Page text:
Israel Encamped There – Unity!
By: Rav Meir Orlian
"They journeyed from Rephidim and arrived at the Wilderness of Sinai and encamped in the Wilderness; and Israel encamped there, opposite the mountain." (Shemot 19:2) Rashi explains (there), based on the Midrash: "Israel encamped ("vayichan") there – as one person, with one heart." Thus, Jewish unity is a necessary preparation for accepting the Torah. [The Ohr Hachaim adds two other preparations: "They journeyed from Rephidim (lit., weakness)" – overcoming the trait of laziness in the study of Torah; "and encamped in the Wilderness" – lowliness and humility, like the wilderness, that all trod upon.]
More striking, we find in the Yalkut Shimoni (Yitro #273):
G-d wanted to give the Torah to Israel at the time that they left Egypt, but they were arguing with one another ... When they came to Sinai, they were all in agreement as one group ... G-d said: The Torah is entirely peace, and to whom shall I give it? To a nation that loves peace.
Thus, the giving of the Torah was even delayed on account of the issue of unity!
Moreover, in Masechet Shabbat (88b), Chazal teach:
They stood at the bottom of the mountain." This teaches that [G-d] held the mountain over them like a barrel [and forced them to accept the Torah] ... This is a disclaimer for the Torah. Rava said: Even so, they reaccepted it in the days of Achashverosh, as it says, "The Jews upheld and accepted" – They upheld what they had already accepted.
R. Chaim Shmuelevitz zt"l explains in Sichot Mussar (Shavuot 5731), that even though at Mt. Sinai Am Yisrael were like one person with one heart, nonetheless, they did not yet achieve the climax of unity, and the acceptance of the Torah was not complete. Only in the days of Achashverosh, due to the great danger, did they achieve complete and absolute unity, when each person's thoughts were committed to the nation as a whole.
Why is it that complete Jewish unity is such a necessary prerequisite for the acceptance of Torah?
It is clear that the Torah was not given to an individual or individuals of Am Yisrael: "The Torah that Moshe commanded us is the heritage of the Congregation of Yaakov." (Devarim 33:4)
The Meshech Chochma explains (Shemot 19:8) that this is because no one person in Israel can fulfill all of the mitzvot in the Torah. There are mitzvot for the priests, for the Levites, for the High Priest, for the king, for the Sanhedrin, and for one who owns land or a house. Thus, without the agreement of the entire nation – it would be impossible to accept the Torah in its entirety, with all 613 mitzvot. This is what it says, "The entire people responded together and said, 'Everything that Hashem has spoken we shall do.'" (Shemot 19:7) Each one will do what is relevant to him, and together, as a group, they will do everything that Hashem has spoken.
However, the issue goes much deeper, as the Meshech Chochma mentions there, "The entire Jewish nation is one person." Therefore, we find that the righteous are called the "heart of Israel"; the Sanhedrin are "the eyes of the community"; and the leaders are "the heads of the nation." In the Haftarah of Parshat Devarim he discusses this idea at length, that each person of Israel is like a limb of the overall person. This is through their clinging to G-d, who is true source of life, "Then they are like rays that emanate from the central point, and thus each ray is connected to the other through their source."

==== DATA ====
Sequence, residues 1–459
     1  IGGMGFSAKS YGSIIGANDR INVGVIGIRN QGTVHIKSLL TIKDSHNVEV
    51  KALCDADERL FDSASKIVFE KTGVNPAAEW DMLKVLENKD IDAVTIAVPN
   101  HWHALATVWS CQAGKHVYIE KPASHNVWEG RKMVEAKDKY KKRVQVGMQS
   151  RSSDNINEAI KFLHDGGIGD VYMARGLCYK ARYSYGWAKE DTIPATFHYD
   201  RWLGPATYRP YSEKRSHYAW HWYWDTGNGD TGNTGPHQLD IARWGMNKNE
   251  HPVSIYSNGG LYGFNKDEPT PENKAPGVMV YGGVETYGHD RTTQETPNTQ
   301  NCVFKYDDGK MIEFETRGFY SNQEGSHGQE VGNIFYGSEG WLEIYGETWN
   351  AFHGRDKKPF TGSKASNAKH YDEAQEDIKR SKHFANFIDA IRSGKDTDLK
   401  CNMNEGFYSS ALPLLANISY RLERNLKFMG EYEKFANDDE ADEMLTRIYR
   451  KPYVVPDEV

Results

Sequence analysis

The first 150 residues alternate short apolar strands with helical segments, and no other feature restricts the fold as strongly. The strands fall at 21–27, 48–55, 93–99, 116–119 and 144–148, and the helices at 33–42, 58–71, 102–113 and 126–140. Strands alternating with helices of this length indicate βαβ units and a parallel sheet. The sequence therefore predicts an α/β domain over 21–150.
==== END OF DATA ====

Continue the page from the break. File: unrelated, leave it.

Chazal earlier pointed out (Vayikra Rabbah 88) that regarding Israel it says, "All the soul ("nefesh") descending from Yaakov" (Shemot 1:5) in singular language, since they serve one G-d. As the Ba'al Hatanya defines it: Israel are "brothers literally, on account of the root of their soul in the One G-d, just that their bodies are separated." The whole idea of Matan Torah is connection with G-d, who is the absolute One, and therefore, only when Israel are also one can they receive the Torah, as the Zohar states: "Israel, the Torah and G-d is one."
Perhaps we can also add that through the unity and acceptance of the entire nation the acceptance has eternal validity that is binding for generations. In Hil. Nedarim we find (Y.D. 214:2), "The acceptance of the community is binding on them and their descendents." (See also Ramban, in the end of Parshat Bechukotai (Vayikra 27:29), who writes about the cherem of death penalty: "Any king of Israel or Sanhedrin in the presence of all of Israel, who have legal authority...)
While these ideas are well known, "The goal of Torah learning is Teshuva and good deeds." As the month of Sivan has begun, and the influence of this time of year repeats itself, let us take advantage of these days for unity and peace, and avoid fights and divisiveness. Let us accept upon ourselves, in practical terms, to greet each person joyfully and not to argue. Let us bring peace between each other, and adopt the trait of Aharon, to be one "who loves peace and seeks after peace."
In Sichot Mussar, Rav Shmuelevitz zt"l further emphasizes that external expressions of friendship are not sufficient, but rather there needs to be mutual love from the depths of the heart. "There should not be in the heart even a drop of anger or negative thought about the other, but only an attitude of respect and love." This is the idea of "as one person with one heart." Through this we will merit to rectify the fault of the days of the omer, when R. Akiva's talmidim did not treat each other with proper honor, and we will be a peace-loving nation, deserving of the Torah, about which it says, "Its ways are ways of pleasantness, and all its pathways are peace." (Mishlei 3:17)
Shiur ID: 3978